THis is the reason we dropped the difference between the fae and magical realms. They are just supernatural beings. Some people call a nimpha a magical creature, while the peasant in the next hut calls it a faerie. No real difference. The distinction is just a scholarship one, whit the poor Merinitae trying to appear as if they are important and know something special. Tsk :unamused:

Cheers,
Xavi

I have done the same thing in my sagas. In general, I've adopted the rules for Magic Humans for RoP: Magic for my "faeries" and been quite content (the "Forgotten Goddess" in my Question of Inheritance thread would probably be called a faerie in an earlier saga). Still, I look at the RoP: Faeries cover, remember my old 2nd ed Faeries book and start wondering if I'm missing anything good.

Well, it is a really big deal... It's a fundamental change in a concept that has a lot of resonance for some people. The idea of the Fair Folk holds a lot of power in the imaginations of some people, myself included, and re-defining them in this way (or other ways) will always be unpopular for those of us who have our own deeply held ideas about what they should be.

I think of the split between Magic and Faerie as the difference between the rational and the storybook versions of the supernatural, sort of like what we were talking about earlier on the other thread. For Hermetics, Magic is usually regulated by celestial events and geometric figures. Faerie magic follows storybook rules, like the durations for the Faerie Magic virtue in the corebook. Hermetics have trouble understanding storybook magic, which explains why Faerie auras cause them to botch. Magic creatures have roles in the ecology; Faerie creatures have roles in story.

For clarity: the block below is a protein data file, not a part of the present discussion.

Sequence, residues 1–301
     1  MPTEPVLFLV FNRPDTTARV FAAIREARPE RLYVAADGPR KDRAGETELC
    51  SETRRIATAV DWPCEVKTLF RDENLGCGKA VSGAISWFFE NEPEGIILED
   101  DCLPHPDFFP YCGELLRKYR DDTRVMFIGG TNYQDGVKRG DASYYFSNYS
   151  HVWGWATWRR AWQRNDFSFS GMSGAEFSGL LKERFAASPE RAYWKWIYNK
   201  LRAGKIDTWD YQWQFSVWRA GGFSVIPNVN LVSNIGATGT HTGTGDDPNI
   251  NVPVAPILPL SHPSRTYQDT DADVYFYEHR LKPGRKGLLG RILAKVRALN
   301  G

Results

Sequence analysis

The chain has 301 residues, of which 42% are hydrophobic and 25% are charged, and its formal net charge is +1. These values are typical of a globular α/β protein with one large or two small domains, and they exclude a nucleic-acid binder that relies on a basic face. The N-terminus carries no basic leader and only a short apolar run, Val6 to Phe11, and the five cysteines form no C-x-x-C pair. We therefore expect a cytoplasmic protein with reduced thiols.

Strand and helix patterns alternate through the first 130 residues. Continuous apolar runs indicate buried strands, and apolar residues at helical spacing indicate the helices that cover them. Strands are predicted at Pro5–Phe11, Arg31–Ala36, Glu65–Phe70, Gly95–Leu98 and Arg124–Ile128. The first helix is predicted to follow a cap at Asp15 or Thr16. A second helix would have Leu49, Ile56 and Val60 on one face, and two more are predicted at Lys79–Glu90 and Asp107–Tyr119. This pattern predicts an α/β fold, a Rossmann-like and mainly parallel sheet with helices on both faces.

Since you're interested in the storybook side of magic I think you would find RoP:F interesting. I say this despite sharing your rejection of the "vitality leeches" concept presented therein. The book has good discussions of using Faeries as a story role and has a nice bestiary that goes beyond (rejects completely actually) the Celticisms of the earlier editions, which is a plus for anyone who is playing outside of "Merrie Olde England". On the downside, there's the "vitality" bit and an overly mechanical system for creating your own Faeries, but these are easily ignored.

I'm one of the folks that dislikes the new "amorphous story cartoon" approach of the faeries. At the same time, I think there is room for both imaginings in a setting. I do like the different and very fitting powers and abilities, virtues and flaws, in RoP:Faerie. You could use the RoP: Magic rules without missing too much but your entities would all start to run together. The Faerie rules definitely make it more "fey" in feel. The issue with playing a faerie and having to use the cognizance rules, the advancement and so on is pretty irritating. I have a hard time wrapping my head around incorporating one of the new fae into a story as anything but a cartoon character. That being said, I've been tinkering with Faerie (in fact, just tonight) and came up with some very neat ideas/mechanics for them.

I do think that the Qualities/Inferiorities of Magic could have been ported over and am considering doing just that.